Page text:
For a Jewish community that is just beginning to find itself, the turbulent situation in Ukraine is putting the culture in jeopardy.
“There is a feeling not only of unrest, but shock,” said Roman Polonsky, director of the unit for Russian-speaking Jewry of the Jewish Agency for Israel. “When Jews become targets … it’s very dangerous and very problematic.”
Polonsky, who spent three days in Ukrainian cities Kiev, Donetsk and Odessa, spoke to Jewish leaders and employees of The Associated: Jewish Community Federation of Baltimore, on Thursday, May 22, about how the conflict in Ukraine and recent anti-Semitic incidents have affected the Jewish community. He also briefed Jewish leaders in Chicago, Kansas City and New York City.
He was born 30 miles from Odessa and remembers a cosmopolitan town. Upon his recent trip, Polonsky said the city looked empty. A lot of people have left Odessa, many factories and institutions closed.
The Jewish community has experienced some targeted attacks including the desecration of a cemetery and a Molotov cocktail being thrown at a synagogue; and in Donetsk, a group distributed flyers asking Jews to register and pay a fee, although it didn’t happen. Polonsky said that while government groups are publicly supporting the Jewish community, the situation on the ground is different.
The situation is of particular concern to Baltimore not only because of the city’s connection to worldwide Jewry, but also because work and community building done through The Associated’s Baltimore-Odessa Partnership is jeopardized because of Ukrainian unrest.
“There’s a sense of corruption and lawlessness in Odessa,” said Susan Posner, head of allocations for programs at the Baltimore-Odessa Partnership. She said people don’t feel they can turn to the police, some are building bomb shelters, and people are policing the streets themselves.
This year, The Associated hired Marina Moldavanskaya, the Baltimore-Odessa Partnership’s first coordinator, to live in Odessa. Speaking via email in March, she said the Jewish Agency and the American Jewish Joint Distribution Community have been changing their strategies to adjust to the situation and ensure that the most elderly and vulnerable citizens receive necessary assistance.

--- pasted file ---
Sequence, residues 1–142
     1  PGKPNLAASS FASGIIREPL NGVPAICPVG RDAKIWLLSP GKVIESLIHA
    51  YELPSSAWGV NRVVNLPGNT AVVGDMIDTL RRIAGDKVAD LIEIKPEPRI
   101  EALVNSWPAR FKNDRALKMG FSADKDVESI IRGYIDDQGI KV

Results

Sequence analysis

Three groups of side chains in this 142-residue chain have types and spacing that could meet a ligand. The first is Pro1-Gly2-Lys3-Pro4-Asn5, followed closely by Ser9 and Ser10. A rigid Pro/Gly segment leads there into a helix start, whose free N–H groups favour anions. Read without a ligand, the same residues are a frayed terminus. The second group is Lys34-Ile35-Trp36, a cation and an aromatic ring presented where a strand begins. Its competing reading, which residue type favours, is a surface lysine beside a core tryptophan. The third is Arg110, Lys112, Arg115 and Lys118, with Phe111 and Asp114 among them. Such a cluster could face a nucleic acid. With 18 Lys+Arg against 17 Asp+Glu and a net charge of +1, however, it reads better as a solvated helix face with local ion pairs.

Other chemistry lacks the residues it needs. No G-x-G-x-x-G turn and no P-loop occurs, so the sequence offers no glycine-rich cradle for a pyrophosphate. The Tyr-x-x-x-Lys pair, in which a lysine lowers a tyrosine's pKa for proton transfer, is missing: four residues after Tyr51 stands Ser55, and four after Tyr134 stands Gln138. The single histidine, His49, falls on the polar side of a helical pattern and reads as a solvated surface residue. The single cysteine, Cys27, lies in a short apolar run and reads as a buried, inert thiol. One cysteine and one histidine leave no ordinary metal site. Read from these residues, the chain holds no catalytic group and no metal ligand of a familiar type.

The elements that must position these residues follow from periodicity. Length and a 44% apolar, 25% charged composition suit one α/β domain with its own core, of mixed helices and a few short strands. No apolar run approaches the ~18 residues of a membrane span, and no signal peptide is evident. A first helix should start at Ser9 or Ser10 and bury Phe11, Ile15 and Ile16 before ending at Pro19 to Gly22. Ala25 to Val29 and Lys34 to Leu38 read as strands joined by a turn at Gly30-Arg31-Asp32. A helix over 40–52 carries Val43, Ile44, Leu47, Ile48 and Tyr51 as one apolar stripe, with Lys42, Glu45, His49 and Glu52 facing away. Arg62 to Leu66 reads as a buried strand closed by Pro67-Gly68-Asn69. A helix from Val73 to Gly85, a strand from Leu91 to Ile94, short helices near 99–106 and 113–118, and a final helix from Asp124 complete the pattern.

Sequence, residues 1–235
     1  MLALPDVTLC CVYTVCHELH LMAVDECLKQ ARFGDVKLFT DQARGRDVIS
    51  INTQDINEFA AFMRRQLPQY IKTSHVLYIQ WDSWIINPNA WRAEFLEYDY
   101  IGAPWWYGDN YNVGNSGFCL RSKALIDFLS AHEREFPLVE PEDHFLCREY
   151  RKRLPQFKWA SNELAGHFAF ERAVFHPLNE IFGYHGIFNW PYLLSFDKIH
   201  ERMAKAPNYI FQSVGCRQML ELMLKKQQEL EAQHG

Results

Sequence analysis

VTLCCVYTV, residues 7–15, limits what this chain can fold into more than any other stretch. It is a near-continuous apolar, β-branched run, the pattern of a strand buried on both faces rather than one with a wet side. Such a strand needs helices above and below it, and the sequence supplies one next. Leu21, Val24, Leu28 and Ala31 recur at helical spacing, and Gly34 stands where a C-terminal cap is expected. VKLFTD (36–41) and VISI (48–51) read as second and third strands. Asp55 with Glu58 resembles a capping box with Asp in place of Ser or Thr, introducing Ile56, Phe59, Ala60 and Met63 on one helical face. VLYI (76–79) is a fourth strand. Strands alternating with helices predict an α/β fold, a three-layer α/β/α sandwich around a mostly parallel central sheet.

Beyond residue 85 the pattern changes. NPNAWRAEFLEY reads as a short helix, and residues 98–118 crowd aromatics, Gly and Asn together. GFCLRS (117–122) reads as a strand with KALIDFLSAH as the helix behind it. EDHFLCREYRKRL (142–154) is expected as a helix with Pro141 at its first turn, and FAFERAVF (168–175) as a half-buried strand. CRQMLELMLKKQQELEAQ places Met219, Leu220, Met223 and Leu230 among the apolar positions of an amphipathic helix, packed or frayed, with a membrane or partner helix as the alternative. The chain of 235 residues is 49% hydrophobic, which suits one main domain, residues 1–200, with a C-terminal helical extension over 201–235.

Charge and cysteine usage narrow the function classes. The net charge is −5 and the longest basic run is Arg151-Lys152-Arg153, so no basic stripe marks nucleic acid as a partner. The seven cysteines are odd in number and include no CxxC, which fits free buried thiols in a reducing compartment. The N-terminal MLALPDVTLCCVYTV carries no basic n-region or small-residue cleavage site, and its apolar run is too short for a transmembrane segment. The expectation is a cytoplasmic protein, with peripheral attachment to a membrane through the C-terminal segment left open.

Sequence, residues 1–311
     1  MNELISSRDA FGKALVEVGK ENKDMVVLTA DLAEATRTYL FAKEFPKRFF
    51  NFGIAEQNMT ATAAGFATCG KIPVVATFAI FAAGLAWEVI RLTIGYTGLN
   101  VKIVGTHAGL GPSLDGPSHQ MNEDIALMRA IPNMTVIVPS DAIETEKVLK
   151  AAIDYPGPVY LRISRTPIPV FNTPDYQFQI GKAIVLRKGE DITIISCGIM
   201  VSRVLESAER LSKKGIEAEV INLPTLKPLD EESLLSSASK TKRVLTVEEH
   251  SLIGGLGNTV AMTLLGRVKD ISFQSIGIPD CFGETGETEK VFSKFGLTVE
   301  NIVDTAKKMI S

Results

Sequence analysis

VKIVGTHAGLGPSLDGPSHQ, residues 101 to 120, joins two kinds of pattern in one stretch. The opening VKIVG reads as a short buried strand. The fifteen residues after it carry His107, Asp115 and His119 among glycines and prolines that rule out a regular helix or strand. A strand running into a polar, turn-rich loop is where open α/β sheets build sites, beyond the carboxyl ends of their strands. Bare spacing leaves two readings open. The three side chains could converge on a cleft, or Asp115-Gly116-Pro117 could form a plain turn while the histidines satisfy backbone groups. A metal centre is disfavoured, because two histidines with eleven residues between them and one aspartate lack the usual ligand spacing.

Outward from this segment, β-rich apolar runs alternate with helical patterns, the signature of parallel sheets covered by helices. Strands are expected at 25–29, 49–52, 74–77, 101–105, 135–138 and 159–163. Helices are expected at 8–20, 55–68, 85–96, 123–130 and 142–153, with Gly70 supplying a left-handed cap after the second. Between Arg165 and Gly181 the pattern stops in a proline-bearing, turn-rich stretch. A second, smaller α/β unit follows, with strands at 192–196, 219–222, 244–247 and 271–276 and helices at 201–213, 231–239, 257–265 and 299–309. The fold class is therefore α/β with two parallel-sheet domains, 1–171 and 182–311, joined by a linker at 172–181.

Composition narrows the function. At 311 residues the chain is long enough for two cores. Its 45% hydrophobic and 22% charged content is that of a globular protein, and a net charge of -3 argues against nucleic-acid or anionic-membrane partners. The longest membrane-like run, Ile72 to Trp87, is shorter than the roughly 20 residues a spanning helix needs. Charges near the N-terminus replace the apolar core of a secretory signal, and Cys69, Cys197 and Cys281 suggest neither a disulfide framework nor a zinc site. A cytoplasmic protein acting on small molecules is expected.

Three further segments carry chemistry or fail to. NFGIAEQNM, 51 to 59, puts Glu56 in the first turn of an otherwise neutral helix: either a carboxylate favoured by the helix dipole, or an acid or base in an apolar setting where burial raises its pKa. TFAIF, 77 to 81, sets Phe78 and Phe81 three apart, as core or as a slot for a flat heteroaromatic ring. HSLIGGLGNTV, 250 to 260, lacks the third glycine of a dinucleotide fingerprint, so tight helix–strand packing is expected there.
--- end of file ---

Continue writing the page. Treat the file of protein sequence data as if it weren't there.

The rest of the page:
Posner said the situation in Odessa is “very disturbing,” especially since she had been to Odessa twice, the most recent time one year ago with employees and lay leaders from The Associated. She got to see the programs at the JCC in Odessa, which she said is the city’s center of Jewish life.
“People are just learning after 21 years how to be Jewish. This is the Former Soviet Union,” she said. “They’re new Jews. They’re new young Jews. It’s very exciting. To think that could be compromised is very concerning.”
An August Odessa trip for Posner and others involved in the partnership ship has been canceled, she said.
Polonsky said he saw many differences between the Ukraine cities as well as differences between the young and the elderly, who still have vivid memories of anti-Semitism and violence against Jews.
“In Kiev, actually, I met young Jews who are proud to be part of this revolution, who actually participated in this,” Polonsky said. “Young people have their own hopes, and they want to fight this corrupted regime.”
Still, many Ukrainian Jews seem to be staying inside their homes or escaping to Israel, Polonsky said. While it’s still a low percentage of Ukrainian Jews, more than 1,000 Ukrainians have moved to Israel in the last four months, Polonsky said, and more than 200 Ukrainians had booked flights to the Jewish state for May and June, according to JAFI.
“The ability to bring Jews to Israel in a crisis like this doesn’t happen because there’s suddenly a crisis and we begin to do outreach to people,” said Arthur Sandman, executive vice president of international development for the Jewish Agency. “It begins because we’ve planted the seeds of identification with Israel in their hearts and in their minds for years and years before, so when they reach a point of crisis, they see that Israel is an option for them.”
The Jewish Agency works with one million Russian-speaking Jews in Israel, 700,000 in the U.S., 70,000 in Canada, 50,000 in Australia and 250,000 in Germany, Polonsky said. And while the Baltimore-Odessa Partnership helped set up the Jewish community’s infrastructure in Ukraine, The Associated has also raised about $100,000 in its Ukraine Assistance Fund. Polonsky underscored how important support is at this time.
“In this situation, to continue this community life and these programs is vital and very important to them,” he said. “It’s actually like trauma care for these people.”
To instill Jewish identity in younger Russian-speaking Jews, JAFI runs Sunday schools, summer camps and programs in which campers can go to Israel and become camp counselors. Three camp counselors from Odessa will be counselors at Baltimore JCC summer camps this summer, Posner said, adding that Odessa’s Moishe House residents spent time with Baltimore’s Moishe House through the partnership.
Polonsky said the summer camps are especially important as places where young Jews can celebrate Shabbat and learn Jewish history along their peers and pass it on to their families.
“This is a transformative, immersive Jewish experience,” he said. “Kids just don’t have any other opportunity to connect themselves with Jewish [peers], to Jewish identity. They don’t inherit it from their families because their families were deprived of Jewish identity for so many years.”
While the current situation may seem dire, Polonsky and others have hope for the elections and new leadership in Ukraine.
“It’ll have a new face,” Posner said. “What exactly it’ll look like is unknown.”